22. they understand their job to be to make the team functionlidership they accept responsibility and dont sidestep it, but ‘’we’’ gets the credit.... this is what creates trust, what enables you to get the task done
  23. management is doing things right;leadership is doing the right things Peter Drucker
  24. mondaytuesday
  25. knowledge worker productivity demands that we ask the question: ‘’What is the task?’’knowledge worker
  26. knowledge worker productivity demands that we ask the question: ‘’What is the task?’’knowledge worker knowledge workers have to manage themselves. They have to have autonomy
  27. knowledge worker productivity demands that we ask the question: ‘’What is the task?’’knowledge worker knowledge workers have to manage themselves. They have to have autonomy continuing innovation has to be part of the work, the task and the responsibility of knowledge workers
  28. knowledge work requires continuousknowledge worker learning on the part of the knowledge worker, but equally continuous teaching on the part of the knowledge worker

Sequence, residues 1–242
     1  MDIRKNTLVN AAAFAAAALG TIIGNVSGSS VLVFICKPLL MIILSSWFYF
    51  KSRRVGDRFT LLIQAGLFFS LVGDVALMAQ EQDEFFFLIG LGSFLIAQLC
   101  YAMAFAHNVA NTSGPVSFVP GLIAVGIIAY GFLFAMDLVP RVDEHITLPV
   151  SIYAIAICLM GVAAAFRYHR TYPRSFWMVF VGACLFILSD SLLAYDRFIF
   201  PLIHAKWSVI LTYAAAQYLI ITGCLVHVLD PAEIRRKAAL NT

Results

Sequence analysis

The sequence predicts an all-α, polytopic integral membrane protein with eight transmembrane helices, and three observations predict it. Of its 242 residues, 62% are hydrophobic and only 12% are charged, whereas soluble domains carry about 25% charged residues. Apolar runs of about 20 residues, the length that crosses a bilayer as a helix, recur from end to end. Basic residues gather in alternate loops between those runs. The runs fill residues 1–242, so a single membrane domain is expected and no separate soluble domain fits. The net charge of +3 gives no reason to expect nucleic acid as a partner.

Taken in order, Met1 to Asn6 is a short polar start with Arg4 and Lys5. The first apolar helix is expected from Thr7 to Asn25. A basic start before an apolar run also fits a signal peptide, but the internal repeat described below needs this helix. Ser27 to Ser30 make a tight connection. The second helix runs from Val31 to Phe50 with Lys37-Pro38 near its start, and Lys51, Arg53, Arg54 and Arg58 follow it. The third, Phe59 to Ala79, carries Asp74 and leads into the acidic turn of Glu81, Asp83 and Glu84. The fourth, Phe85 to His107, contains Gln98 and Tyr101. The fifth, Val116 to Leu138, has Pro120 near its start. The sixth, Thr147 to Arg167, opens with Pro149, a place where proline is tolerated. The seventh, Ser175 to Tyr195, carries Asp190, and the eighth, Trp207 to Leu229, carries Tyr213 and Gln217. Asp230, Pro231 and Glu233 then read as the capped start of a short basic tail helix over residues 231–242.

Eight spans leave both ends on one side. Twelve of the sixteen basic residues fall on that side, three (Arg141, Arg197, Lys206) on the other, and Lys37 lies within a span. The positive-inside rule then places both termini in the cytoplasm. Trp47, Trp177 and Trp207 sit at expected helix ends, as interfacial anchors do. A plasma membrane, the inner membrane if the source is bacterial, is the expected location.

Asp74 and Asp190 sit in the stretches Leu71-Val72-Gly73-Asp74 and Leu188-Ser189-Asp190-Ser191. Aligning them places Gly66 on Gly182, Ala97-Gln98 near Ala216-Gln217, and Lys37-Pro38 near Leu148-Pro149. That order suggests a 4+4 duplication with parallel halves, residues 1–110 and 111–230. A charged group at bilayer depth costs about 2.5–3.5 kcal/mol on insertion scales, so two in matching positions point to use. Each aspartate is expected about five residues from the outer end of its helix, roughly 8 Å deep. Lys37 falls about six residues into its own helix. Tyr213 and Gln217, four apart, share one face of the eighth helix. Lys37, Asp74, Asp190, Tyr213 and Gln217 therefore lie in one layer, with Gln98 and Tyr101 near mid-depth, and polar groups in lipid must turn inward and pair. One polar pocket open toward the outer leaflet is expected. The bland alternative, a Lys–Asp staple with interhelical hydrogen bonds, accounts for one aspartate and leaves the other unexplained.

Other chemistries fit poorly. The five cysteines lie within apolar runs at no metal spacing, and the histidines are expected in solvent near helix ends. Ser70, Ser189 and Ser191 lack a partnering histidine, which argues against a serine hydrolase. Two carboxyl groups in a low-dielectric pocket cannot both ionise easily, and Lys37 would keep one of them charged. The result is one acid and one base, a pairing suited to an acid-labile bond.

29. productivity of the knowledge worker is notknowledge worker - at least not primarily - a matter of the quantity of output. Quality is at least as important
  30. knowledge worker productivity requiresknowledge worker that the knowledge worker is both seen and treated as an ‘’asset’’ rather than a ’’cost’’
  31. making knowledge workers productive requires changes in attitude, not only on the part of the individual knowledge worker, but on the part of the whole organization Peter Drucker
  32. monday tuesdaywednesday
  33. practicing self-developmenttotal life
  34. practicing self-development identifying and developing your unique strengthstotal life
  35. practicing self-development identifying and developing your unique strengthstotal life creating a parallel or second career